For the first time since 2008, a French prosthetics maker named Carmat has recently sold its artificial heart to an Italian patient who has been awaiting a transplant since they produced it.
According to a statement from the company Carmat, the operation was conducted by a team led by a heart surgeon, Dr Ciro Maiello, at the Azienda Ospedaliera dei Colli hospital in Naples.
The document further revealed that the company secured an European CE marking in December 2020 for the sale of the Aeson prosthetic heart as a “bridge to transplant”.
That certification was based on results from a study known as PIVOTAL, launched in 2016 and still under way.
In November 2019, results from the first 11 patients in the study showed that 73 per cent survived for six months with the prosthetic or made it to a successful transplant within the same period.
Carmat said that the first commercial sale of its artificial heart marked “a major milestone that opens up a new chapter in the company’s development”, adding that it hoped to find more customers in France and Germany by the end of the year.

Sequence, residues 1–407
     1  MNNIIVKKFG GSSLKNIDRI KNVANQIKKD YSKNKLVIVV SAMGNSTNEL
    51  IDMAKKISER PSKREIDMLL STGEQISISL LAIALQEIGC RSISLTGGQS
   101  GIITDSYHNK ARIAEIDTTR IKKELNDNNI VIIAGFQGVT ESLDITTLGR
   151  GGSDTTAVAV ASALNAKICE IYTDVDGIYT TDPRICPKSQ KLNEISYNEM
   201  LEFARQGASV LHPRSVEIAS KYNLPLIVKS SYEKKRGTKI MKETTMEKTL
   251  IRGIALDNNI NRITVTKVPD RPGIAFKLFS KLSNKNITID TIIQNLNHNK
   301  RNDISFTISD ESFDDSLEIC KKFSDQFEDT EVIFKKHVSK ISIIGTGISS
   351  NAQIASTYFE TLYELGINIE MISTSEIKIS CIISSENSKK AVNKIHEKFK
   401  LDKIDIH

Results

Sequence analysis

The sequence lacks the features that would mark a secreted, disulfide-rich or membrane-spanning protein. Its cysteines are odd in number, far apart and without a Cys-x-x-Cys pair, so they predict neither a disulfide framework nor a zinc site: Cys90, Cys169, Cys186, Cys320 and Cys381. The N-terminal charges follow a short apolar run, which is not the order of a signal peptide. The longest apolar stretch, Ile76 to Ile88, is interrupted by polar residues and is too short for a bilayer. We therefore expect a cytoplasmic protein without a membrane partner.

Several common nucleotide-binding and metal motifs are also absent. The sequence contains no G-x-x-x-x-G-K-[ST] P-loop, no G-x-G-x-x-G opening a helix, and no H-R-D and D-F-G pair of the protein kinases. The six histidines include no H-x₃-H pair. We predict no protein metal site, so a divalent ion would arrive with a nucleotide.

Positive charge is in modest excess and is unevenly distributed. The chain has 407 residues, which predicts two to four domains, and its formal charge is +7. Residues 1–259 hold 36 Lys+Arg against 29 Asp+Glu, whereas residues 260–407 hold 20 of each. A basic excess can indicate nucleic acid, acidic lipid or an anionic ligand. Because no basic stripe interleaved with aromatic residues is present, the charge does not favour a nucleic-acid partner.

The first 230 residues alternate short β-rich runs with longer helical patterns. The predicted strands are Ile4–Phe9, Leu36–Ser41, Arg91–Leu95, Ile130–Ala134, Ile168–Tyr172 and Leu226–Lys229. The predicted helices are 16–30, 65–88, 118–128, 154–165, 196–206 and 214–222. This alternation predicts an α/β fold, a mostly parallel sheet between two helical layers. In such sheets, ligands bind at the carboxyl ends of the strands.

A spokesman for the company told Agence France-Presse (AFP) that it was the first time one of the hearts had been used outside of a clinical trial.
Costs for the operation—more than 150,0000E Euros ($177,000)—were paid by the regional health system, as Italy’s national system will not cover the treatment until it has been in use for several years.
On 15 July, Carmat had announced the first implantation of an Aeson heart into a patient in the US, in a clinical study at Duke University Hospital in Durham, North Carolina.
It is searching for 10 suitable patients to take part in a study approved by the US Food and Drug Administration.